Posted by Niall O'Dowd at 3/21/2009 10:30 AM EDT
Barack Obama’s decision to speak at the Notre Dame commencement on May 17 is a powerful boost for the college and for him personally.
It is an acknowledgment too that South Bend and the surrounding district provided the margin of victory for Obama in the state of Indiana which he carried in 2008—the first Democrat since Lyndon Johnson in 1964 to do so. The area is overwhelmingly populated by Notre Dame staff and students.
When I was on the campus in October last the pro Obama forces were at fever pitch. Several students told me that Obama precinct captains were in place in the dorms and that a massive get out the vote effort was underway.
It sounded like old Tammany Hall to me. Voters from states where Obama was a shoo-in were being urged to re-register in Indiana. A complex series of get-out-the-vote maneuvers were underway. The Obama backers sniffed victory in a state that had long thought to be hopelessly in the red column.
The campus was alive with Obama volunteers and the sense of an historic day in the making in the state of Indiana was rife. I never believed until that visit that Obama had a chance in the state. I was not surprised however, when he did win it.
Professor Chris Fox, head of the Keough Naughton Institute for Irish Studies, told me of canvassing door-to-door in an area he would have considered rock solid Republican in times past and only meeting one individual who threatened to set the dogs on him if he didn’t stop canvassing for that ‘N…. word candidate.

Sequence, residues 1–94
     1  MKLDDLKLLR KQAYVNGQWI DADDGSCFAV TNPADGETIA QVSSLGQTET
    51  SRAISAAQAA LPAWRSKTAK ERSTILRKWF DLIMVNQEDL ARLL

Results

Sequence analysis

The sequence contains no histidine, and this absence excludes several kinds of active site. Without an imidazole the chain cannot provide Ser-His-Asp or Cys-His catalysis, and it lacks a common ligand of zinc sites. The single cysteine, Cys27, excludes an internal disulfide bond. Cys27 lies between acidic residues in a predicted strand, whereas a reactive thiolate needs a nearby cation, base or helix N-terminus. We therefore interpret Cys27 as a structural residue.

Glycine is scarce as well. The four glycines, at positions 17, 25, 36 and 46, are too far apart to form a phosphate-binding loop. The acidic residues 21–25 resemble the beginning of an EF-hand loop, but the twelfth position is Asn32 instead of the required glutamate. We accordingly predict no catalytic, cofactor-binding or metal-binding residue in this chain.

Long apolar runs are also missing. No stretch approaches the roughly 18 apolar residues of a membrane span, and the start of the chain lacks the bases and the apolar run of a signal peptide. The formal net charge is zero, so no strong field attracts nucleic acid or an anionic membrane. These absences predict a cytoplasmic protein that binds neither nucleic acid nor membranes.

It was a remarkable turnaround that Obama carried the day. The Ku Klux Klan was more active in Indiana than in any other state outside the Deep South back in the 1920s. In 1924 a vicious confrontation between Catholic studentsat Note Dame and the Klan occurred, resulting in an Irish win—leading in some history books to the coining of the famed phrase the “Fighting Irish.” The episode is chronicled in Todd Tucker’s book Notre Dame Vs the Klan. Even today, there is an active branch of the Klan in South Bend according to reliable reports.
The anti-Catholic Klan also protested the visit of Eamon De Valera, Ireland’s leader to Notre Dame back in 1919. It didn’t matter. The Notre Dame archives note that, “When he arrived on the campus at Notre Dame, October 15, 1919, the students gave him an enthusiastic welcome. At the conclusion of his address, Notre Dame gave him one of the greatest ovations in the history of the University. "It was," said Mr. De Valera, "the happiest day since coming to America”
So it will be quite some moment when the new president steps on stage to deliver the commencement address on May 17th. Generations of bigotry will disappear as the first ever African American president speaks to the assembled multitudes. He will feel at home there, knowing too that they have delivered for him too.
I feel sure that Father Ted Hesburgh, the legendary Notre Dame figure has something to do with the invite. A veteran civil rights battler, Father Ted often recalls when he was part of the first ever civil rights commission appointed by President Eisenhower looking into racism in the south. They were forced to stay on army bases because their security could not be guaranteed anywhere else. Father Ted eventually resigned from the position in the Nixon era because he disagreed with Nixon’s policies on race and other issues. (His book, God, Country, Notre Dame is a great read)
The Obama visit is sure to arouse controversy on another front – the issue of abortion rights is something that Obama and the Catholic Church are on a collision course over.
It is quite a gutsy move by the college to invite him given the inevitable backlash they will feel from the church establishment.
It will be an incredible day on May 17 at Notre Dame one to “wake up the echoes” in the words of the famous fight song.
When he stands up to speak Obama will break centuries-old cultural and historic prejudices at the college which itself helped break those barriers down.
Ancient Celtic Irish symbols meanings